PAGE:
Detecting spoilage with a smartphone
Smart packaging that alerts you to possible food spoilage or contamination of products - that’s one of the possibilities being considered by a team of MIT chemists who have devised a simple wireless sensor that can be read by a smartphone.
These inexpensive sensors, which can detect gaseous ammonia, hydrogen peroxide and cyclohexanone, among other gases, could be widely deployed, making it easier to monitor public spaces or detect food spoilage in warehouses.
“The beauty of these sensors is that they are really cheap. You put them up, they sit there and then you come around and read them. There’s no wiring involved. There’s no power,” said Timothy Swager, the John D. MacArthur Professor of Chemistry at MIT. “You can get quite imaginative as to what you might want to do with a technology like this.”
Swager is the senior author of a paper describing the new sensors in the Proceedings of the National Academy of Sciences. For several years, Swager’s lab has been developing gas-detecting sensors based on devices known as chemiresistors, which consist of simple electrical circuits modified so that their resistance changes when exposed to a particular chemical. Measuring that change in resistance reveals whether the target gas is present.
The sensors are made from modified near-field communication (NFC) tags. These tags, which receive the little power they need from the device reading them, function as wirelessly addressable barcodes and are mainly used for tracking products such as cars or pharmaceuticals as they move through a supply chain, such as in a manufacturing plant or warehouse.
NFC tags can be read by any smartphone that has near-field communication capability, which is included in many newer smartphone models. These phones can send out short pulses of magnetic fields at radio frequency (13.56 MHz), inducing an electric current in the circuit on the tag, which relays information to the phone.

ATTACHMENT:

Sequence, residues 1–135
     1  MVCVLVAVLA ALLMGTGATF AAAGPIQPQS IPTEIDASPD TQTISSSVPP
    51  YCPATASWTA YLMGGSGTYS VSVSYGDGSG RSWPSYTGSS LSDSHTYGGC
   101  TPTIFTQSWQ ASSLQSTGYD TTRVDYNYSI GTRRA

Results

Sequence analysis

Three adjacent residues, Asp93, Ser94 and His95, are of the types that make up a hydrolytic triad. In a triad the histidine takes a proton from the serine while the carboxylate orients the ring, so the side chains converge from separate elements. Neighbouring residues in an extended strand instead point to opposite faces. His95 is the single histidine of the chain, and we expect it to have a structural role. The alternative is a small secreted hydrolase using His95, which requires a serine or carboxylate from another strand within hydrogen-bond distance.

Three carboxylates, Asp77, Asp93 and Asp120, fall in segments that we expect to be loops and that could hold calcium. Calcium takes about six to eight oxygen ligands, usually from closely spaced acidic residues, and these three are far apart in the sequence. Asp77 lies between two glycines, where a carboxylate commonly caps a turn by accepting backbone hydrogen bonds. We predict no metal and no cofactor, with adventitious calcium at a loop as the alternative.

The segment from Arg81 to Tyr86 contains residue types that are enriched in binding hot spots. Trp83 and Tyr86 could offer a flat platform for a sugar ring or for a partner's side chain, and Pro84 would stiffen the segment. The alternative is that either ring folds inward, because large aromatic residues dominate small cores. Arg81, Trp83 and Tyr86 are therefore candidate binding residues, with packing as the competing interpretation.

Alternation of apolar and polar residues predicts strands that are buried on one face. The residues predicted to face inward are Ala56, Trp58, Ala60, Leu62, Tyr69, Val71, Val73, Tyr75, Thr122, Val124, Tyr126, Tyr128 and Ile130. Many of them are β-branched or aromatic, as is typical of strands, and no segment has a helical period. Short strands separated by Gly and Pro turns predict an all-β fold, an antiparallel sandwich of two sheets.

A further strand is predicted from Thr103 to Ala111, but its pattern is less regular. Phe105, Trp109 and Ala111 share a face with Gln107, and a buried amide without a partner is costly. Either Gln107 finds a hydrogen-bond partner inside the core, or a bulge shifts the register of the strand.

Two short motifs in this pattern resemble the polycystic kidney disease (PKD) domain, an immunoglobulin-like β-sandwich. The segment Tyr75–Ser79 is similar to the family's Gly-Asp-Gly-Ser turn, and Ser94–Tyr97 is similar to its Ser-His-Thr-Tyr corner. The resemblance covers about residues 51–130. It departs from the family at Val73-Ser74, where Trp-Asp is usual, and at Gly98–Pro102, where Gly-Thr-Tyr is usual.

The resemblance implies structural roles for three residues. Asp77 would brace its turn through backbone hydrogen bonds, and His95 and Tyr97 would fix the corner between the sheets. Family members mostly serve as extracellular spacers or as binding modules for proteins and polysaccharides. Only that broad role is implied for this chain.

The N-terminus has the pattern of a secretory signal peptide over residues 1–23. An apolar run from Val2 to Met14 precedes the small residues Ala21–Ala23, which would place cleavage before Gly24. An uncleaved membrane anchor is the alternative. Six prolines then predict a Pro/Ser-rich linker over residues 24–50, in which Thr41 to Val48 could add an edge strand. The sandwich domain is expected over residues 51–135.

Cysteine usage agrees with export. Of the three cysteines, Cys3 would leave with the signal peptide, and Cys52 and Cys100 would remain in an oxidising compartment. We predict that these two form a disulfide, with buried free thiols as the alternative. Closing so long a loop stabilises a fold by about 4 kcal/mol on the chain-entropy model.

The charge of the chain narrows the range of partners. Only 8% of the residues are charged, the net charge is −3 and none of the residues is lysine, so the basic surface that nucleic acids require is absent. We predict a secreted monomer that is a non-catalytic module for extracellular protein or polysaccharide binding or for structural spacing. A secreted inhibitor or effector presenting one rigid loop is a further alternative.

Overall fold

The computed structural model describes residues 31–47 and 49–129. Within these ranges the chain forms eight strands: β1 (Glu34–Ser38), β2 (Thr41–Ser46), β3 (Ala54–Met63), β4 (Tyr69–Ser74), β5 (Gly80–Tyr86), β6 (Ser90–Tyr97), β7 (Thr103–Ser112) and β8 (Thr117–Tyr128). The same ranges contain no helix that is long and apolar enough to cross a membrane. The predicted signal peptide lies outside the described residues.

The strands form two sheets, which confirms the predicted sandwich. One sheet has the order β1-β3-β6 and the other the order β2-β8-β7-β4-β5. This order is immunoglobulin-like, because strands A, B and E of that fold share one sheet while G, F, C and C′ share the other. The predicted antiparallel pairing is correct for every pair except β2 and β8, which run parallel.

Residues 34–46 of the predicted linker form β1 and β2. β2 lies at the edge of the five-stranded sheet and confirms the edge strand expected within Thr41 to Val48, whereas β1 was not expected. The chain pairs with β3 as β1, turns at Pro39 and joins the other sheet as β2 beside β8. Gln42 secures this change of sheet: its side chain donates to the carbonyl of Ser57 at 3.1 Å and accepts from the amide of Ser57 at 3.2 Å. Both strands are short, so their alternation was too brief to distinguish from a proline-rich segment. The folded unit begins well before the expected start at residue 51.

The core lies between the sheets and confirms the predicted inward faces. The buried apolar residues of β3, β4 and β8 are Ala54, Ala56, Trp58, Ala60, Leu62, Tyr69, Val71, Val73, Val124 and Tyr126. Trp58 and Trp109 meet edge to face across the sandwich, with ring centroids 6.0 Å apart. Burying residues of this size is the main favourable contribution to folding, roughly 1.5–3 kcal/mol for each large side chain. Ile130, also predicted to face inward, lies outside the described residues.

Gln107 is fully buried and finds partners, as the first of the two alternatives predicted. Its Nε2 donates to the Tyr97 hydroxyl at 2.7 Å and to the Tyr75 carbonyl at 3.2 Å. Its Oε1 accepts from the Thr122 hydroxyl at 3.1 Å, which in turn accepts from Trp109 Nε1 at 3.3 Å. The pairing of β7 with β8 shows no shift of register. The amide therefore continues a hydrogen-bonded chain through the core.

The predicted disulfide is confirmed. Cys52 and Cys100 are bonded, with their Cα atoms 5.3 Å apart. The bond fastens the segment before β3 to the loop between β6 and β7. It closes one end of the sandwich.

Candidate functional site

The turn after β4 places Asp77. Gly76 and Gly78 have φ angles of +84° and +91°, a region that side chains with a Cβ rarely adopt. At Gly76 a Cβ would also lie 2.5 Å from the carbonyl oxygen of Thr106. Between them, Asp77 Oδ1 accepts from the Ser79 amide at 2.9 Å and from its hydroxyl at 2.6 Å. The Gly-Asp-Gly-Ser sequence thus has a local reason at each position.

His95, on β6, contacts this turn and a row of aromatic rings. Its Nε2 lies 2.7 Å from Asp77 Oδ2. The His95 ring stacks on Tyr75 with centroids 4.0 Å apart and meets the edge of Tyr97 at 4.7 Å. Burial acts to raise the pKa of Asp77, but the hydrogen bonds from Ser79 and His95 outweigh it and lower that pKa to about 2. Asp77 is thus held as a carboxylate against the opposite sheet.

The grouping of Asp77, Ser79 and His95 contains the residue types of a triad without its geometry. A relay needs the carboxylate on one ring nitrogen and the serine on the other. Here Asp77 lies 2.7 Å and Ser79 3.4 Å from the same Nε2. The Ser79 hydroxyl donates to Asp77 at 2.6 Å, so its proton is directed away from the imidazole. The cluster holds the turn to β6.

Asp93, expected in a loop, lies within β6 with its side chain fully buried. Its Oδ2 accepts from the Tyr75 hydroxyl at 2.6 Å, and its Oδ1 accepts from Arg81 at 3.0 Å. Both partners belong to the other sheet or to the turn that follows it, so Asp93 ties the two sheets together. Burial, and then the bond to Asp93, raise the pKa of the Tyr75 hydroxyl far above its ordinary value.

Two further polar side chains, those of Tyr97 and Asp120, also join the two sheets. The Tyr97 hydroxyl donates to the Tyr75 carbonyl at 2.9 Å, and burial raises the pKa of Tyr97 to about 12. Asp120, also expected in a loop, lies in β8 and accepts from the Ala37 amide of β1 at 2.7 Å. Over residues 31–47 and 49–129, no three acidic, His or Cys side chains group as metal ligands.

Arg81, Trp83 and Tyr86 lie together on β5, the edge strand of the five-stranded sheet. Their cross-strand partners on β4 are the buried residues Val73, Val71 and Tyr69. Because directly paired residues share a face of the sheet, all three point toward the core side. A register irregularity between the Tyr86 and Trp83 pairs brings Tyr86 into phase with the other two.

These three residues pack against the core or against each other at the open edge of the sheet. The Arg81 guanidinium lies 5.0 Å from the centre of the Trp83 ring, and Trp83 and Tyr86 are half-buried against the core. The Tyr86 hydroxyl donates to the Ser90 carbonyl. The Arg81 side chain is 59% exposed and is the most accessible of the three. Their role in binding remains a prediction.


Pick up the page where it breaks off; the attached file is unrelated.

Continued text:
To adapt these tags, the MIT team first disrupted the electronic circuit by punching a hole in it. Then, they reconnected the circuit with a linker made of carbon nanotubes that are specialised to detect a particular gas. The team refers to the modified tags as CARDs: chemically actuated resonant devices.
When carbon nanotubes bind to the target gas, their ability to conduct electricity changes, which shifts the radio frequencies at which power can be transferred to the device. When a smartphone pings the CARD, the CARD responds only if it can receive sufficient power at the smartphone-transmitted radio frequencies, allowing the phone to determine whether the circuit has been altered and the gas is present.
Current versions of the CARDs can each detect only one type of gas, but a phone can read multiple CARDs to get input on many different gases, down to concentrations of parts per million. With the current version of the technology, the phone must be within 5 cm of the CARD to get a reading, but work is underway with Bluetooth technology to expand the range.
The researchers are now looking into possible applications. Because the devices are inexpensive and can be read by smartphones, they could be deployed nearly anywhere: indoors to detect explosives and other harmful gases or outdoors to monitor environmental pollutants.
Once an individual phone gathers data, the information could be uploaded to wireless networks and combined with sensor data from other phones, allowing coverage of very large areas, Swager says.
Incorporating the sensors into food packaging could help to avoid food waste, by detecting metabolites such as ammonia that could indicate the quality of raw food or prepared meals.
The CARDs could also be incorporated into dosimeters to help monitor worker safety in manufacturing plants by measuring how much gas the workers are exposed to.
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